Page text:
Im sure there's so much lobbying and public relations campaigns from the chemical companies to get manufacturers to use their patented product. Borate, being of the mineral boron, might not be patentable,or have different patent lengths. I remember reading about plants not being patentable unless they're gmo i.e. altered natural state. Same reason natural supplements or marihuana, things of nature,which are not man-made cannot be patented. I'm just not certain how a boron compound fits into that.
 

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Discussion Starter · #15 ·
Has anyone looked closely at the co-sleepers out there? I know some say "organic" but in my experience this is just marketing jargon and nothing more than the cotton covers are organic.
 

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Im sure there's so much lobbying and public relations campaigns from the chemical companies to get manufacturers to use their patented product. Borate, being of the mineral boron, might not be patentable,or have different patent lengths.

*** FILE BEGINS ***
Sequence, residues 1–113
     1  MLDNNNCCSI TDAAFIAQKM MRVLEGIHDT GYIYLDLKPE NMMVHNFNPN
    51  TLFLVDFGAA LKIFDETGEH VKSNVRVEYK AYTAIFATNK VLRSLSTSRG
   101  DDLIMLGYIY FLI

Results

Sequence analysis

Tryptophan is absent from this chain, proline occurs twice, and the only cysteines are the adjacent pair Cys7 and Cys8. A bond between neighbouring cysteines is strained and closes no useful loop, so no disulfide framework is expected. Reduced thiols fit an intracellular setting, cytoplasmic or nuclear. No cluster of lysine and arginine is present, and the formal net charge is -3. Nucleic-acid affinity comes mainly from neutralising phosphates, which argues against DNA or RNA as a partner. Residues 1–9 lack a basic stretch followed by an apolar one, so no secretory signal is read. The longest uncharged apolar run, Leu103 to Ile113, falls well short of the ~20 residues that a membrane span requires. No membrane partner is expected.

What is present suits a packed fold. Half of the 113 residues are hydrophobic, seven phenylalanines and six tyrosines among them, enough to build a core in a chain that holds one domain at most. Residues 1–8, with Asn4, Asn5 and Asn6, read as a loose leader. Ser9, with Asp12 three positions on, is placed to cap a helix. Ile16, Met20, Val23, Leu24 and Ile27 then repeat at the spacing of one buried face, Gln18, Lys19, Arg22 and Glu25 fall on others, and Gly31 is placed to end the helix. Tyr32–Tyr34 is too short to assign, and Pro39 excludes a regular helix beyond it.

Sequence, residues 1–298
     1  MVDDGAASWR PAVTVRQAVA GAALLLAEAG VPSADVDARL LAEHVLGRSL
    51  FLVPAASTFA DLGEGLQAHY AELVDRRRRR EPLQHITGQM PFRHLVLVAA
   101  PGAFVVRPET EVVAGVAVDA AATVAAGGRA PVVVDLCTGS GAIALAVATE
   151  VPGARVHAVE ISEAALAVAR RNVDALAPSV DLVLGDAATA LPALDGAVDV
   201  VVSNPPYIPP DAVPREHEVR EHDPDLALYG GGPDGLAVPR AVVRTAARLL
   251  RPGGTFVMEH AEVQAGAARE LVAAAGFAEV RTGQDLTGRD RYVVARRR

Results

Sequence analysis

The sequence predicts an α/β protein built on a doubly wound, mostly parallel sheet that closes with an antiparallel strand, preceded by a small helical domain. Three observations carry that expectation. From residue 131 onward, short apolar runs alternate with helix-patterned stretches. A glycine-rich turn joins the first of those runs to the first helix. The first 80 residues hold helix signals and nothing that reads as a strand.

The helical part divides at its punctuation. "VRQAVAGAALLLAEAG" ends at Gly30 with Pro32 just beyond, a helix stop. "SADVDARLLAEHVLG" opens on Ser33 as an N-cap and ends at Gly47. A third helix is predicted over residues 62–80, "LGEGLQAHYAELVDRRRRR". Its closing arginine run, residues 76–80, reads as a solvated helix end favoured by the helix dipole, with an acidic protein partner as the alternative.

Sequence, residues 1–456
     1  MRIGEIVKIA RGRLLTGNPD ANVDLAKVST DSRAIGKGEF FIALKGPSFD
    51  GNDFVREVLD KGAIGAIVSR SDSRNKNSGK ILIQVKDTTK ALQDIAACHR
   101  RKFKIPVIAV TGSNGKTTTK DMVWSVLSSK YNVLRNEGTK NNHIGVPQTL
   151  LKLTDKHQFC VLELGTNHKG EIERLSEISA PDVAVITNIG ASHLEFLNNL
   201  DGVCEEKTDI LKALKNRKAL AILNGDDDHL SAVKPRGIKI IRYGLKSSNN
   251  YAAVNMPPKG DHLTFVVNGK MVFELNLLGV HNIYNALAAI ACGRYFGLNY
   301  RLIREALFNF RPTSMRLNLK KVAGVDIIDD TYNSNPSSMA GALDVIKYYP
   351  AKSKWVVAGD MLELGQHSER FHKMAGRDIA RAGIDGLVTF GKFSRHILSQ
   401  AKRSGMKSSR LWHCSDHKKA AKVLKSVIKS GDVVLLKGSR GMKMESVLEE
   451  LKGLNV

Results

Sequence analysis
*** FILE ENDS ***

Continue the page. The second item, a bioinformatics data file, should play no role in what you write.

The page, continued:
That's a really good point!
 

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Our mattress is from Organic Grace & I love it. Great customer service, too! We also have flame retardant free furniture from EcoSelect.
 

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I found a good article on 5 companies offering flame-retardant free couches but even more interesting was a comment below the article.

http://www.ewg.org/enviroblog/2015/03/five-couches-without-flame-retardants-you-can-buy-right-now

The comment:

It is, of course, wonderful that the State of California has revised their antique law requiring flame retardants in furniture. But shame on the Environmental Working Group for failing to point out the many other components of sofas which are impacting our health! Of the five sofas mentioned, West Elm stands out as giving no information at all on the components - a sure sign of concern. Of the remaining four, all use polyurethane for cushioning (Crate and Barrel tries to up the ante by using "soy-based polyurethane foam", one of Terrachoice's greenwashing sins); Room & Board and Ikea both use "engineered hardwood" (i.e., glulam or other manufactured wood glued together) and Ikea uses fiberboard. And none offer an Oeko-Tex or GOTS certified fabric! And for your health, that means:

FRAME:
· If you have chosen a sofa which uses "engineered hardwood" or fiberboard, then you will also be living with formaldehyde emissions. See our blog post: https://oecotextiles.wordpress...